“No, the definition of the word idiot, which you fucking are!!”

This film never gets old. Raymond Chandler meets Abbott and Costello. The mystery itself isn’t anything amazingly unique, but it’s entertaining and solid enough to hold up a great cast, one of the best narrations ever, and almost as many quotable quotes as Anchorman.

“Talking money…”

“A Talking monkey?”

“Talking monkey, yeah, yeah. Came here from the future. Ugly sucker, only says ficus.”


51) Knocked Up (Judd Apatow, 2007)

52) Let the Right One In (Tomas Alfredson, 2008)

53) Little Children (Todd Field, 2006)

54) Little Miss Sunshine (Jonathan Dayton, Valerie Faris, 2006)

55) Lost in Translation (Sofia Coppola, 2003)

56) Love Actually (Richard Curtis, 2003)

57) The Machinist (Brad Anderson, 2004)

58) Maria Full of Grace (Joshua Marston, 2004)

59) Memento (Christopher Nolan, 2000)

60) Milk (Gus van Sant, 2008)

61) Monsoon Wedding (Mira Nair, 2002)

62) Mulholland Drive (David Lynch, 2001)

63) 9 Songs (Michael Winterbottom, 2005)

A lot of people are quick to dismiss this film as unnecessarily explicit, self-indulgent, (not so) thinly veiled pornography. I couldn’t disagree more. Michael Winterbottom is a masterful storyteller, communicating an entire relationship with minimum dialogue and nine amazing songs. It’s an ambitious concept that in less capable hands would have failed miserably. But Winterbottom executes it perfectly. It’s on Netflix Watch Instantly right now. So if you haven’t seen it, do so now. –BIG

64) No Country for Old Men (The Coen Brothers, 2008)

65) O Brother Where Art Thou (The Coen Brothers, 2000)

66) Oldboy (Chan-wook Park, 2003)

The second film in Chan-wook Park’s Revenge Trilogy (Sympathy for Mr. Vengeance, Sympathy for Lady Vengeance), Oldboy features some original camerawork, really cool fight scenes, and an emotional yet disturbing story that would make David Fincher blush. The hallway fight, done in one continuous shot, is a staple of discussion. But there are so many great scenes, so many impressive technical aspects and character moments, that it definitely warrants multiple viewings. We did want to include the entire trilogy on the list, as there is a noticeable arc and underlying theme across all three films. However, they are all separate, unrelated stories, and Oldboy stands out as the strongest link. –GWG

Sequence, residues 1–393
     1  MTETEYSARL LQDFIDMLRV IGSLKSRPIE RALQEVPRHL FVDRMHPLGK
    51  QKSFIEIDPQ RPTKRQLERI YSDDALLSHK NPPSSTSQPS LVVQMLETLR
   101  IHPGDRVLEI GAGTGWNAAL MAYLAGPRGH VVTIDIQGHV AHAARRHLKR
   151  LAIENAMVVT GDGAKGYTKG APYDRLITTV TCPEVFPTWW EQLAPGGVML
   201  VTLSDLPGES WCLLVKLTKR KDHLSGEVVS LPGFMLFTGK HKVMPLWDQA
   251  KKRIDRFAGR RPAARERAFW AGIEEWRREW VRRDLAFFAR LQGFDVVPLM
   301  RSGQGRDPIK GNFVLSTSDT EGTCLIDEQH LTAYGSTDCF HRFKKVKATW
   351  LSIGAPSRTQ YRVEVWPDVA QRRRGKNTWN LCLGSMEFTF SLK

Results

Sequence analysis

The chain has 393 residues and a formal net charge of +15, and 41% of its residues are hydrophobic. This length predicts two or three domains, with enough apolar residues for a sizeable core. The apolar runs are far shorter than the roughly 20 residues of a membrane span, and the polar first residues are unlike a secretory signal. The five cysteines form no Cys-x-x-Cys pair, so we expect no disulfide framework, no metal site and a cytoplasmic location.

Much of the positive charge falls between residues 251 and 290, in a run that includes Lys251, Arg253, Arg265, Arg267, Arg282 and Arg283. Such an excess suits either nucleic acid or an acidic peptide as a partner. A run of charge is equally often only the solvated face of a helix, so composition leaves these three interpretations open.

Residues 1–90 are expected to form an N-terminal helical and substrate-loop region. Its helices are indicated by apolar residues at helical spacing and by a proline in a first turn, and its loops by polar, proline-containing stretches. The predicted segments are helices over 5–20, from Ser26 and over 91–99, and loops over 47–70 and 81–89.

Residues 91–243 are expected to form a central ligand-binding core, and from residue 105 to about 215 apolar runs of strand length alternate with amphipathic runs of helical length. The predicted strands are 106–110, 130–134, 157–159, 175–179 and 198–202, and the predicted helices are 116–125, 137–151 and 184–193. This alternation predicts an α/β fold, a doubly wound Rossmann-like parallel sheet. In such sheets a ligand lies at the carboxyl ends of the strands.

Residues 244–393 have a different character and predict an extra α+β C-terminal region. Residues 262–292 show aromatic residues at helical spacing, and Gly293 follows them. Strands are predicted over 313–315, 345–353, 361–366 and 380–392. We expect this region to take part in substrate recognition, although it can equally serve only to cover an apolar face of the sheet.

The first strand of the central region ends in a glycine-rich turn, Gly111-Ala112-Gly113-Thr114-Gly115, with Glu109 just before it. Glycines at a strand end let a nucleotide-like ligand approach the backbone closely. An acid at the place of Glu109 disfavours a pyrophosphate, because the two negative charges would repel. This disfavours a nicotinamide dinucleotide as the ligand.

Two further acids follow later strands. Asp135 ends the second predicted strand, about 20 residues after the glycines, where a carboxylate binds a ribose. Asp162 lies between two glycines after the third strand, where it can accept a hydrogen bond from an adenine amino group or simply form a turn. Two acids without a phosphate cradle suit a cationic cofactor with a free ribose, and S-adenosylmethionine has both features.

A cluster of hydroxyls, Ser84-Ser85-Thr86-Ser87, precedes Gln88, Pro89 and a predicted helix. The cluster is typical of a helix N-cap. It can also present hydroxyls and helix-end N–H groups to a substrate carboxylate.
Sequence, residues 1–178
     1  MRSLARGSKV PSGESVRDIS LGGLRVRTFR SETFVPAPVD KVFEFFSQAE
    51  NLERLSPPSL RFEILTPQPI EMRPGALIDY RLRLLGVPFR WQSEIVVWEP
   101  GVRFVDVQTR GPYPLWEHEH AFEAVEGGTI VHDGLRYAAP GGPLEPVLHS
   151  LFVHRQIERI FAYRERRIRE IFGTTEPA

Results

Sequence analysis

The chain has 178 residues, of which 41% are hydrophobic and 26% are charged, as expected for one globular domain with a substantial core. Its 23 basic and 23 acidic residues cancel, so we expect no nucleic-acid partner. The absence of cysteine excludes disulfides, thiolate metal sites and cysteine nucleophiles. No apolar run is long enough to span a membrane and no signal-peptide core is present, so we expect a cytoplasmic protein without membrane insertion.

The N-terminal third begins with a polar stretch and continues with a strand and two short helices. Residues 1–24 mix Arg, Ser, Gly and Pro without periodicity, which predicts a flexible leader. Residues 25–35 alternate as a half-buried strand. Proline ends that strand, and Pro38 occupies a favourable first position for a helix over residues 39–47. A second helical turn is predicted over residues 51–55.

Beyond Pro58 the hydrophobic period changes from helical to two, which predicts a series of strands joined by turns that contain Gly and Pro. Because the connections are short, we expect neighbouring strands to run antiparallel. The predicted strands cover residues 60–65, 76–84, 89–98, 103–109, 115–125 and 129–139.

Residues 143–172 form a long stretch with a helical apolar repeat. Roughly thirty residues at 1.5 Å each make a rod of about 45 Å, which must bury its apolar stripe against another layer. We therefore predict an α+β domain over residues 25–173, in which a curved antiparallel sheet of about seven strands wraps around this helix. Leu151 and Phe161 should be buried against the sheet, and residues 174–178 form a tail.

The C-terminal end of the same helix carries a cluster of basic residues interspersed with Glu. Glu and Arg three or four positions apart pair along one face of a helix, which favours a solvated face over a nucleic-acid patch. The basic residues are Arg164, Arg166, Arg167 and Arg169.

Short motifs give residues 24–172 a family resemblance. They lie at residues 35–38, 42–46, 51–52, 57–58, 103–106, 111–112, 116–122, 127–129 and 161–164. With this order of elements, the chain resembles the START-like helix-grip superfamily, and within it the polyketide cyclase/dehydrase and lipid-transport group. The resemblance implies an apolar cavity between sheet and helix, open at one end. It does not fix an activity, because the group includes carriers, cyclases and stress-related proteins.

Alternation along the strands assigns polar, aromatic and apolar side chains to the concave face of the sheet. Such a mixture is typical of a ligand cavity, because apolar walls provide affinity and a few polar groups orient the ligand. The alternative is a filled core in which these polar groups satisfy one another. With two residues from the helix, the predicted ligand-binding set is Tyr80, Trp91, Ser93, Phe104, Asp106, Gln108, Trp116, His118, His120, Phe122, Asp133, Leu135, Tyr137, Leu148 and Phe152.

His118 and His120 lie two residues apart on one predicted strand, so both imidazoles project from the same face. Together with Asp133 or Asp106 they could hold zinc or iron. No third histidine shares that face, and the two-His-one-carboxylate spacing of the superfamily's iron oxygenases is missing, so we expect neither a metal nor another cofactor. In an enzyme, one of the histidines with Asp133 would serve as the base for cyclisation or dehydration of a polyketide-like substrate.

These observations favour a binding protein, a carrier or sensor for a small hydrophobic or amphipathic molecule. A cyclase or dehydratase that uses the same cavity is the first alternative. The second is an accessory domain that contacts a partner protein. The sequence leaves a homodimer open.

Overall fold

67) Pan’s Labyrinth (Guillermo del Toro, 2006)

68) Purple Violets (Edward Burns, 2007)

69) Rachel Getting Married (Jonathan Demme, 2008)

70) Requiem for a Dream (Darren Aronofsky, 2000)

71) Revolutionary Road (Sam Mendes, 2008)

72) The Road to Perdition (Sam Mendes, 2002)

73) The Salton Sea (D.J. Caruso, 2002)

74) Saw (James Wan, 2004)

75) A Scanner Darkly (Richard Linklater, 2006)

76) Shaun of the Dead (Edgar Wright, 2004)

77) Shopgirl (Anand Tucker, 2005)

78) Sin City (Robert Rodriguez, Frank Miller, 2005)

79) Slumdog Millionaire (Danny Boyle, 2008)

80) Snatch (Guy Ritchie, 2000)

81) The Squid and the Whale (Noah Baumbach, 2005)

82) State and Main (David Mamet, 2000)

83) Sukiyaki Western Django (Takashi Miike, 2008)

What do you get when you mix Yojimbo, Django, and A Fistfull of Dollars? Actually, if you’re anyone but Takashi Miike, your head might explode. Lucky for us, the Japanese maestro of bloodshed helmed this crazy, entertaining, violent film about…Japanese cowboys? In Miike’s first American project, he decides to have Asian actors speaking John Wayne-style English while carrying six shooters and katanas. Oh yeah, and Tarantino has a couple cameos. Fucking great. –GWG

84) Surveillance (Jennifer Lynch, 2009)

85) Synecdoche, New York (Charlie Kaufman, 2008)

86) There Will Be Blood (Paul Thomas Anderson, 2007)

87) Thirteen (Catherine Hardwicke, 2003)

In 2003, a pre-Twilight Catherine Hardwicke gave us a film that would alter the existence of little sisters forever. I saw Thirteen and wanted nothing more than to lock my sister in a closet until she was 20. That was the only conceivable way to save her from the unbearable plight of the teenage American girl. Most of the credit for this film goes to Nikki Reed, who was 15 when she wrote it. Thirteen is an exceptionally honest and powerful directorial debut from a director that proved to be a one hit wonder. –BIG